• Multifamily ‘8000’ series lots can be proposed development projects that include the Mayor’s Office Affordable/Public Housing Initiatives. They can be District-owned development sites leased to a developer. Due to financing and legal requirements, each set of government-funded units are required to have separate parcel ID’s (SSL’s). All the units are rentals, none of the units will be for sale.
    • Existing Development Mixed Use ‘8000’ series lots are residential owner(s) with ownership of both residential and commercial portions. The Lot split ensures that each party pays the appropriate real estate taxes assessed to each specific use. A master covenant lease outlines property access-rights-use between residential and commercial owner(s) and lease holders. There is also a master lease related to the commercial space where the residential owner is the lease holder. See DC Air Right Lots

    In general:

    • Air rights are transferable development rights that can be leased, purchased or sold in the same way as any physical property. A property that includes air rights may be more valuable that one that does not. In metro areas, for instance, air rights have become increasingly valuable as available ground space is limited.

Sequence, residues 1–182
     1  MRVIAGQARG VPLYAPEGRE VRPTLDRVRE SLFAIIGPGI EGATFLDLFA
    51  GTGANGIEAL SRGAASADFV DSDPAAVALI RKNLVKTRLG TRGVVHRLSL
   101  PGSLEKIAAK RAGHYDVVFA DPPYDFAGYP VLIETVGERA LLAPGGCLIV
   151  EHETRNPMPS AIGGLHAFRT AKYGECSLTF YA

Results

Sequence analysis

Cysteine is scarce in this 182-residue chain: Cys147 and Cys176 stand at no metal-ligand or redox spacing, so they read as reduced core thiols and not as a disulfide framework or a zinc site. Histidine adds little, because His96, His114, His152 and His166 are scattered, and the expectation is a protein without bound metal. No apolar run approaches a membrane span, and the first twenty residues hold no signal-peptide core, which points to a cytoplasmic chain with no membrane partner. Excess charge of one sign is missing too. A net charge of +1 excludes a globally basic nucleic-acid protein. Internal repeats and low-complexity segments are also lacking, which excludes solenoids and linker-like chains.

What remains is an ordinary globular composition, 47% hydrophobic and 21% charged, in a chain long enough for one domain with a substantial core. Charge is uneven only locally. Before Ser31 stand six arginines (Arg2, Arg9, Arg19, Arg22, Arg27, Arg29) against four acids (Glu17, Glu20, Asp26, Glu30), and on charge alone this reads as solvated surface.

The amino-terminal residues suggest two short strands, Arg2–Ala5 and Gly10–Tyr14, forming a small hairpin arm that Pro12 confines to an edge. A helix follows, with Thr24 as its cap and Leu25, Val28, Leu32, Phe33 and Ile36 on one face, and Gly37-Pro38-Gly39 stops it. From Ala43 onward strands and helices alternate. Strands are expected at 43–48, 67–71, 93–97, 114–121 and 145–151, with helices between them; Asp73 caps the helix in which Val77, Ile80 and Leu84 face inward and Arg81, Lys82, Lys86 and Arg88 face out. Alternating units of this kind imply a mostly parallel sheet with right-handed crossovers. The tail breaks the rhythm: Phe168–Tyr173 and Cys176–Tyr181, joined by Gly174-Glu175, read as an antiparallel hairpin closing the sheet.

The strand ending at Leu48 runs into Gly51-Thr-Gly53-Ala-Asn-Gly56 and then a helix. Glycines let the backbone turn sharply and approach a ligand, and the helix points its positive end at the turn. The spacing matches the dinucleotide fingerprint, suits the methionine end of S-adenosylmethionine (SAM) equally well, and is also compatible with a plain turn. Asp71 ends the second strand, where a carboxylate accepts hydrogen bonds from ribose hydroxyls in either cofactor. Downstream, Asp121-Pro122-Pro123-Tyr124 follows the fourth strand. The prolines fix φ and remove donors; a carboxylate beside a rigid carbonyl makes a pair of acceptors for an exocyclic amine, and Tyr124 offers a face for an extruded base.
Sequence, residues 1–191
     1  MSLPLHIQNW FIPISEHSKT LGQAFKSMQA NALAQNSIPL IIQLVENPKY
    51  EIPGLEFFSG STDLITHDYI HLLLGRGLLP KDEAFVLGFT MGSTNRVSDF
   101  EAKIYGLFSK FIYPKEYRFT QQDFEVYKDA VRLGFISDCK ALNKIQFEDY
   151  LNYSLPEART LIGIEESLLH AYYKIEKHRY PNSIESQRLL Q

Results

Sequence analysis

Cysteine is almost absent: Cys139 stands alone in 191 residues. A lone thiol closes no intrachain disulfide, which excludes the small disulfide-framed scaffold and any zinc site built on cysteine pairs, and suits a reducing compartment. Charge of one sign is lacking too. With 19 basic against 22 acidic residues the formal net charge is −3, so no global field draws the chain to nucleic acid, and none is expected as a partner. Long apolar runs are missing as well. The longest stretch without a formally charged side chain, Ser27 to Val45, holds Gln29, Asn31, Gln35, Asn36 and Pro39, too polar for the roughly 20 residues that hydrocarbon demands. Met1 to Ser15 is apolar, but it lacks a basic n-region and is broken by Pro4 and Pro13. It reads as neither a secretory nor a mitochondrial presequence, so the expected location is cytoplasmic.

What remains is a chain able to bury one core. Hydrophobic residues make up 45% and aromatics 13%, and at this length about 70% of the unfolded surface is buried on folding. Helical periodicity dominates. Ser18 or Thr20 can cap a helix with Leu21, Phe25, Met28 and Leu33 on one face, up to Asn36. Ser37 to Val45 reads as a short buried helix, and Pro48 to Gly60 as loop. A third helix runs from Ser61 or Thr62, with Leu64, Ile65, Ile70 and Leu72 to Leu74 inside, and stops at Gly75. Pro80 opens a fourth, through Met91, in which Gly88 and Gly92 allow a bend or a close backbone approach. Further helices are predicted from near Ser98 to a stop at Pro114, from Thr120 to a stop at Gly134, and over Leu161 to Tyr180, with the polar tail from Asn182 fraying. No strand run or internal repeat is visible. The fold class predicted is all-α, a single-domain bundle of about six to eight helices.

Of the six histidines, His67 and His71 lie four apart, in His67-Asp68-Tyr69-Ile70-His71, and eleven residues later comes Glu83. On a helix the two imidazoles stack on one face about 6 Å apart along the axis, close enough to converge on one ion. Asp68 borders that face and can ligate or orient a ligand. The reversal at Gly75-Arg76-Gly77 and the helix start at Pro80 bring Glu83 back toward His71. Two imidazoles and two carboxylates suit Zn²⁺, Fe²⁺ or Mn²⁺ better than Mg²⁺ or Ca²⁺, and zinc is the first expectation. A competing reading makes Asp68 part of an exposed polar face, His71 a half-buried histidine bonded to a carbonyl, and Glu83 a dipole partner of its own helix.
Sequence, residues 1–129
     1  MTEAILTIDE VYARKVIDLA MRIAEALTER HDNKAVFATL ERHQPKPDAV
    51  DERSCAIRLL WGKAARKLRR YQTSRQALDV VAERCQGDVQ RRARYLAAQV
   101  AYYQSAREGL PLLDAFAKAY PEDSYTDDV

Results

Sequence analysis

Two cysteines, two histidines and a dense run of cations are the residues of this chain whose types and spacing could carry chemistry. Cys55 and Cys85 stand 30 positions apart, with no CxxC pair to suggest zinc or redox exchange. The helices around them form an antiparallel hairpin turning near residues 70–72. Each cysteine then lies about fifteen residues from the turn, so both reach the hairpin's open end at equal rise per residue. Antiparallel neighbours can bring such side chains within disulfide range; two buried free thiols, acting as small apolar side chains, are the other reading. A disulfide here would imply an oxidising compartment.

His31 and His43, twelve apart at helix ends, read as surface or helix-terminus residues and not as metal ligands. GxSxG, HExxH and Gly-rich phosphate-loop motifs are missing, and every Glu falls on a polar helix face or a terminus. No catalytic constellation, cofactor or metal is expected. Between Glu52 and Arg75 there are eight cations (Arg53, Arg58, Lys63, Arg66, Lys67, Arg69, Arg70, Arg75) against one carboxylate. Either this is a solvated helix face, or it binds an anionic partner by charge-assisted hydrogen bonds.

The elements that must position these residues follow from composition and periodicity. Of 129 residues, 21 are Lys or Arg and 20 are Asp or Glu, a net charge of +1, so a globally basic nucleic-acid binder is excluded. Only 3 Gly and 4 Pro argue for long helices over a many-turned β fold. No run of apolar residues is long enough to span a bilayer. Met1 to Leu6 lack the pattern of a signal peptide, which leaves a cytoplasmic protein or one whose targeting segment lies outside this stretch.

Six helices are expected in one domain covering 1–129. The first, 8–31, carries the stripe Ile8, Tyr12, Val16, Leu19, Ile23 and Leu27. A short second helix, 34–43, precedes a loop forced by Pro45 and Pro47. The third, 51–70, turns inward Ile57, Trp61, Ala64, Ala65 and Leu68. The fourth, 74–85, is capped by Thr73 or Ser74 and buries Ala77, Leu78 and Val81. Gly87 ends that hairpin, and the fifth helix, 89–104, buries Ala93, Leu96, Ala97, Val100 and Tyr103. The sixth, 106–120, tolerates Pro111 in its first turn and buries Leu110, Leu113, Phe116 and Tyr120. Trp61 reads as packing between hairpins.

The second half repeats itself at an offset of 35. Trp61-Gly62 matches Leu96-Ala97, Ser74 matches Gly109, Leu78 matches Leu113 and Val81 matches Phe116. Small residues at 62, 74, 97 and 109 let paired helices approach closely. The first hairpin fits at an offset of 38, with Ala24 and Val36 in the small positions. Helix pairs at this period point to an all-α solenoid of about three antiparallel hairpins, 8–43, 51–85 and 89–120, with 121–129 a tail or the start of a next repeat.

• The Federal Aviation Administration (FAA) holds a public easement for air transportation at high altitudes above all real estate in the U.S.
    • The air rights above an existing building are referred to as ‘Floor Area Ratio’ (FAR), calculated by the ratio of the building’s total square footage to the square footage of the lot.
    • The value of airspace is dependant on restrictions and potential use.
    • Air rights is a complicated area of land use and law, and an expert should be consulted for this consideration.

    Septic, Well And Power

    If the property doesn’t have public power, sewer and water connections or capabilities, a feasibility assessment must be made for these systems and costs must be factored into valuation.

    • Water: If a public water connection is not available, evaluate the existing well, if one exists, and make valuation adjustments for condition, longevity, etc. If no well exists, the cost of drilling and installation will need to be estimated.  Investigate the depth of wells on neighboring properties as well as the depth of the water table beneath the property. What useage applies to the proposed well? If it is intended for household use, estimate the household size. If usage includes crops and/or livestock, multiple wells may be needed.
    • Septic systems: These are the alternatives to public sewer service. There are a number of options, and often the choice of systems is made in conjunction with decisions on water and power. Proximity to roads and building areas must be considered, and drainfields must be rated for capacity and use. Septic systems must include a buffer area separating other lines such as well and water.
    • If the property does offer access to public sewer and water, costs to connect will need to be considered.